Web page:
The clouds around the moon were very freaky looking.
But those are really hard to photograph.
So instead, this.

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12 Responses:

  1. greyface says:

    What is this... did you forget that you hate your city? I demand a big red "X"

  2. benediktus says:

    beautiful. i like the lighting and the geometry. do you know the work "neon tigers" of peter bialobrzeski? he uses a certain dusk/sunset-hour for longtime exposure (several minutes).

    you have a good eos, but did you think about getting a hdr camera, just for those occasions?

    • jmtd says:

      Are there any good examples of HDR photos that don't look ridiculous now? I remember the WOW factor when they first started cropping up, but it quickly wore off for me, and now look fairly cheap.

      • gryazi says:

        What the BoingBoing crowd passes off as "HDR" is more like "compressed dynamic range photomontage."

        What a 'HDR' camera will give you is extra exposure information beyond the default white and black points, allowing for much subtler dodging and burning, essentially exposure adjustment after the fact. See the Photogenics HDR examples. [You can do the same with the multiple exposure, montage technique, if you try, but most people just shoot for the wacky 'could've just applied a solarize effect' look.]

        A large number of DSLRs will give you a few extra bpp when shooting 'raw' files, but whether those are extra precision within the white/black levels or extra exposure latitude depends on the camera, sensor, firmware, and all the usual suspects.

      • benediktus says:

        at a exhibition-project about a local nazi submarine pen, we used these panos. keep in mind that it's totally dark inside the bunker. sane use of hdr, i suppose.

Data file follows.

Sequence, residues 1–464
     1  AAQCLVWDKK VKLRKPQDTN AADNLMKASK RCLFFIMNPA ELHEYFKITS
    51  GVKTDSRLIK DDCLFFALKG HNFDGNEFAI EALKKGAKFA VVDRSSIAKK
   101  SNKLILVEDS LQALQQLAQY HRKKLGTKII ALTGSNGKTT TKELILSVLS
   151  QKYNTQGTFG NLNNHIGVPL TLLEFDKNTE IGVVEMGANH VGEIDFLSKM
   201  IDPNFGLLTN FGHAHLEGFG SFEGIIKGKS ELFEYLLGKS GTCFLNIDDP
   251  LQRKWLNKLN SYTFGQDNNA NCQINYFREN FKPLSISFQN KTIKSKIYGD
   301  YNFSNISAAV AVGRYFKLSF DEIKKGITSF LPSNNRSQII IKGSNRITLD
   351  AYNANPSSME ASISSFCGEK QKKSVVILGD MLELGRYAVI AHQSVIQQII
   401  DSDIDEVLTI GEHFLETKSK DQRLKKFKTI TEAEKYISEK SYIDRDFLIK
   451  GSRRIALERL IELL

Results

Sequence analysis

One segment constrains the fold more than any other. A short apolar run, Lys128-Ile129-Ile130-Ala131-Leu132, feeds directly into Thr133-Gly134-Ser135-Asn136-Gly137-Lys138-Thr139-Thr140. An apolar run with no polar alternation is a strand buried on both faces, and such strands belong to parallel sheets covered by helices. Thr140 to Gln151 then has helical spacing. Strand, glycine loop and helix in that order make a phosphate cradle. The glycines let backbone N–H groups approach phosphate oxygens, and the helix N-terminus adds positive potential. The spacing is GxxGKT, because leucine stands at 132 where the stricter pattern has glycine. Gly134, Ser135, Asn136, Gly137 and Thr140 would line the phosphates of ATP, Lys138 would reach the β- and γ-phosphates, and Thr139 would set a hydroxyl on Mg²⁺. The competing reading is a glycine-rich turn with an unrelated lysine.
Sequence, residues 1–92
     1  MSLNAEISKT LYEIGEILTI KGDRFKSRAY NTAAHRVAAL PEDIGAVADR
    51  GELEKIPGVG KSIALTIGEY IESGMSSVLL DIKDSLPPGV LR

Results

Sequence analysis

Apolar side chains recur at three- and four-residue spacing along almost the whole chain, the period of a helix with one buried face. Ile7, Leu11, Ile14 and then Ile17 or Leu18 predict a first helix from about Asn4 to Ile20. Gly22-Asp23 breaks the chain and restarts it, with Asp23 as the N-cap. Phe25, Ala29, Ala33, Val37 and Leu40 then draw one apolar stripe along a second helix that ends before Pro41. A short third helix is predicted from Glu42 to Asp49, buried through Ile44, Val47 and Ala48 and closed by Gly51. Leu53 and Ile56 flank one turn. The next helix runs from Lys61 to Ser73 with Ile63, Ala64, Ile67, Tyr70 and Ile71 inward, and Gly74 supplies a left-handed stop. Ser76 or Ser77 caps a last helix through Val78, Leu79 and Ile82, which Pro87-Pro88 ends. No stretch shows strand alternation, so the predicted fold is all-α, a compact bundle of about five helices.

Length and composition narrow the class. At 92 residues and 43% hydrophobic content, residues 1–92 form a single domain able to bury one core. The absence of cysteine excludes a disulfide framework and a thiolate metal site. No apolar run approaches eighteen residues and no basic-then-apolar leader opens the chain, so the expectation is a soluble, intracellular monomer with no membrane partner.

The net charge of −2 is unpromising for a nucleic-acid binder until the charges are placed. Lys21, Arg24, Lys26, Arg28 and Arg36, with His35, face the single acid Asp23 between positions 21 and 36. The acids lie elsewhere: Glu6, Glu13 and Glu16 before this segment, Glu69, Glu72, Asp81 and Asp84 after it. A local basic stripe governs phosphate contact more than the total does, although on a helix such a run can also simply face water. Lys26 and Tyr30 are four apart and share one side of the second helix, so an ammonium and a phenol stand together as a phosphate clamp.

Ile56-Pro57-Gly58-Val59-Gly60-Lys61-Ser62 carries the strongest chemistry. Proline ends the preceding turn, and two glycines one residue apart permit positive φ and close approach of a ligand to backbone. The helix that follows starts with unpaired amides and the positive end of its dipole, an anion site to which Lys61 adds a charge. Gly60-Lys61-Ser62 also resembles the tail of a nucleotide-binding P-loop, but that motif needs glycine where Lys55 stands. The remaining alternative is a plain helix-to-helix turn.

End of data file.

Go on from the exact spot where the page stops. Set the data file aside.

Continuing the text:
• gryazi says:

        While searching to find out if dedicated 'HDR' cameras actually exist sub-$50,000-technical-grade now (apparently they might), I found , which has some examples of 'proper' (non-overdone) results. The 'idea' is to put/preserve detail in the shadows and fill in/preserve detail in the highlights.

        So the result 'should' be a lower-contrast image that preserves more information about the scene (since otherwise, anything beyond the white and black points -- the dynamic range of the image -- was 'lost'). What confuses matters is when people enamored with the montage technique start *adding* contrast: has the look of a blogosphere "HDR" image, where those dark, contrasty clouds have both highlights and shadows that JPEG helpfully further smudged out, and the rest of the scene is lit completely differently because it was a second photo (or four) taken under different light.

        The old (and generally ill-advised, especially since the advent of color film) advice to take photos on cloudy days stems from the same idea; the light is more diffuse, so there are fewer highlights and fewer shadows. This is useful for technical or documentary photography, and you can see it in black and white illustrations from the '40s and '50s. Usually, though, people prefer the 'impact' of brightly lit colors and higher contrast, which is why it's a selling point for LCDs. [An exception is portraiture, where diffuse light is used to avoid emphasizing our natural nooks and crannies.]

  3. schmoomom says:

    Damn, I miss the city.

  4. Gorgeous. I love a city at night.

  5. eviltwinii says:

    That was like seeing a picture of an old girlfriend you wish you never broke up with and she looks gooood.

  6. I *do* love freaky clouds around the moon, though. Better than just about anything.

  7. silveryblu says:

    What a, uh... *uninterrupted* view you have of the Sharper Image ionizer building.